Mother’s Day Word Origins
The second Sunday in May is set aside in the United States to celebrate mothers. There is also a Mother's Day celebration in the United Kingdom, Denmark, Finland, Italy, Turkey, Australia, Mexico, Canada, China, Japan, and Belgium. England's "Mothering Sunday," similar to Mother's Day, is also called Mid-Lent Sunday and it is observed on the fourth Sunday in Lent, though it has largely been replaced by Mother's Day on the second Sunday in May. Anna Jarvis, born in Grafton, West Virginia in 1864, started the movement to have a Mother's Day. She wrote letters to politicians, newspaper editors, and church leaders and organized a committee called Mother's Day International Association to promote the new holiday. She wanted Mother's Day to be close to Memorial Day so people would recognize mothers for the sacrifices they made for their families in the same way that servicepeople had for their country. The first official Mother's Day observance was in May 1907. President Woodrow Wilson gave the day national recognition in 1914. Jarvis spent the last years of her life trying to abolish the holiday she had brought into being, because she protested its commercialization.
Mother is one of the surviving words from Anglo-Saxon (starting as modor), which are among the most fundamental words in English. Mother has many cognates in other languages, including Old High German muoter, Dutch moeder, Old Norse mothir, Latin mater, Greek meter, and Sanskrit mat. These words share an Indo-European root. Mother is one of the Anglo-Saxon nouns that has an Anglo-Saxon adjective as well as a Latinate adjective — motherly and maternal — and motherly also came from Old English (modorlic). Mom, a shortened form of momma, was recorded in 1894; momma was first used in 1884. Both are chiefly North American uses. Mamma and mama, created by children reduplicating an instinctive sound, are much earlier terms Ð showing up in the 1500s. In between came mommy (also North American in usage) in 1848, which was a variant of mammy (also 1500s).
The carnation is the floral symbol of Mother's Day and the holiday is associated with the colors red and white. Some people wear white carnations on this day to honor mothers who have died and red or pink for those who are living. The "founder" of Mother's Day, Anna Jarvis, urged people to wear carnations because carnations had been her own Mother's favorite flower. Carnation is the general name for the cultivated variety of the clove-pink. It is likely that the word derived from coronation, as the flower's dented leaves somewhat resemble a crown.
The word family first referred to the servants of a household and then to both the servants and the descendants of a common ancestor. It comes from Latin familia, "household; household servants," which came from another Latin term famulus, "servant." It was not until 1667 that the term was used specifically for the group of persons consisting of parents and their children.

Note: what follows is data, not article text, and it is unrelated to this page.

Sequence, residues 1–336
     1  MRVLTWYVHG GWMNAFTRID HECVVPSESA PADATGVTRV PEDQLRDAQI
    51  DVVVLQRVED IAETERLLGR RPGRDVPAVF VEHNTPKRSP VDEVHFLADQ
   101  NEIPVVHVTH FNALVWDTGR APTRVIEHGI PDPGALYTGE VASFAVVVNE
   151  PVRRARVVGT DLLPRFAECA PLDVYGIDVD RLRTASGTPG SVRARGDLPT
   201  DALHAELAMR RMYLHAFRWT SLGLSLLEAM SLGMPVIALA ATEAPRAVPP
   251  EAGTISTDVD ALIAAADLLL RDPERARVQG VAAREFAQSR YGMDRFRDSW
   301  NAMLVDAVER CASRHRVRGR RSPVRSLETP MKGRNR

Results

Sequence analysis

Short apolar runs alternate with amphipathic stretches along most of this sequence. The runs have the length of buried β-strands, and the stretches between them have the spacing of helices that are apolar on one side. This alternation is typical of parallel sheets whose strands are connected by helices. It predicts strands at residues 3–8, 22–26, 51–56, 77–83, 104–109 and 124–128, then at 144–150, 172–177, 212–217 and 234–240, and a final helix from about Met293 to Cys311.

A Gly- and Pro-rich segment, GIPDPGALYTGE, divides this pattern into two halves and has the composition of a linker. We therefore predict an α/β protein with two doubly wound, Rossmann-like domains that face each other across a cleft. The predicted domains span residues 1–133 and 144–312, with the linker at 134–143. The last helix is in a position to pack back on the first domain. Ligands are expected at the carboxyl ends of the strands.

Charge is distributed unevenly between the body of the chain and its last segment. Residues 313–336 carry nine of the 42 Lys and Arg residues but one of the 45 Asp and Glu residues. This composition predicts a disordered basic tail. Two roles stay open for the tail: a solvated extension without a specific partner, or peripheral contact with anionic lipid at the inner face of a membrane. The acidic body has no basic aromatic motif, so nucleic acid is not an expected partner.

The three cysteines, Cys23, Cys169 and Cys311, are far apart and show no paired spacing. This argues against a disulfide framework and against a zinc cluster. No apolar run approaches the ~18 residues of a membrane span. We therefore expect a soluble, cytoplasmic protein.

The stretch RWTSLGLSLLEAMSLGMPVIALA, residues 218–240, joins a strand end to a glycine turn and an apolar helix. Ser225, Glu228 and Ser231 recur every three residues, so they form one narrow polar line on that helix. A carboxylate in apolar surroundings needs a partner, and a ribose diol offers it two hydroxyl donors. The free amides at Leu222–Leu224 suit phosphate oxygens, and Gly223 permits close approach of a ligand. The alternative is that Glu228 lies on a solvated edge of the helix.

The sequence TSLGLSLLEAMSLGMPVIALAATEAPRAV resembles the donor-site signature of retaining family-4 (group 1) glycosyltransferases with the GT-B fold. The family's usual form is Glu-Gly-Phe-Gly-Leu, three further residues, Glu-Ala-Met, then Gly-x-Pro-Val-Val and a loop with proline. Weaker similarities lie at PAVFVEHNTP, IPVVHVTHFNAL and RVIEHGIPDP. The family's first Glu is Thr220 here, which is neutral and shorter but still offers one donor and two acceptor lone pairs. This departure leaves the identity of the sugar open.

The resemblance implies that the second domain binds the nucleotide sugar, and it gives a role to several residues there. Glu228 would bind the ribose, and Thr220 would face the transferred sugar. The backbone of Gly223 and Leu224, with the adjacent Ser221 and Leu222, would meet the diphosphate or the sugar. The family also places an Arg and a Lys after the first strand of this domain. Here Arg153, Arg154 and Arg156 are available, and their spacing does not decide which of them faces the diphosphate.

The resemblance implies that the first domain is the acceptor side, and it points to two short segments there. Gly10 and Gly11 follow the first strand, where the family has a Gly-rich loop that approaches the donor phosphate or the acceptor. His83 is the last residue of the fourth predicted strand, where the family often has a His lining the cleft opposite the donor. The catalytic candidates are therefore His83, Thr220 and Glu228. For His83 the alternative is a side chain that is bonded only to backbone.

The history of greeting cards goes back hundreds of years. Early greeting cards were hand-delivered and handmade. Their popularity forced the introduction of the first postage stamp in 1840. The oldest known greeting card in existence is one for Valentine's Day, made in the 1400s and now displayed in the British Museum. The most popular card-sending holidays in order are Christmas, Valentine's Day, Mother's Day, Easter, and Father's Day. Together, the Greeting Card Associations says these five card-sending holidays account for 96 percent of individual seasonal card sales.
To nurture means "to feed or nourish a child" and also "to raise and support to maturity." The verb was formed after the noun, which came into English via Anglo-Norman and Old French. As a noun, nurture first referred (c 1330) to a person's training or breeding. The word can be traced back to Latin nutritus, meaning "to nourish."
Daughter is a very old English word, first recorded c. 1000 as dohtor. It descends from Old English and is related to words in many other Indo-European languages, such as Greek thugater. The modern spelling daughter was first used in a 16th century Bible and was popularized by Shakespeare. The word son is quite a bit older, found in Beowulf in 645. It also descends from Old English and is related to words in many other Indo-European languages, such as Greek huios. In 2000, it was estimated that the ratio of the sexes was thus: from birth to under 15 years old there are 1.05 males per 1 female, from 15-64 years of age there are 1.02 males per 1 female, and 65 years and over 0.78 males to 1 female, with the total population being 1.01 males per 1 female.